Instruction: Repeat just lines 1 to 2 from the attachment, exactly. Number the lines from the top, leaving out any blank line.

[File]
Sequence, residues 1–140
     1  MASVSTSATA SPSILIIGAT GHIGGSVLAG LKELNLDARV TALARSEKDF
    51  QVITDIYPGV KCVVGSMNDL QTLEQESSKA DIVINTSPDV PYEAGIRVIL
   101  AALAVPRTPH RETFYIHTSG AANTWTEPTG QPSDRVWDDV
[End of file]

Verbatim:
Sequence, residues 1–140
     1  MASVSTSATA SPSILIIGAT GHIGGSVLAG LKELNLDARV TALARSEKDF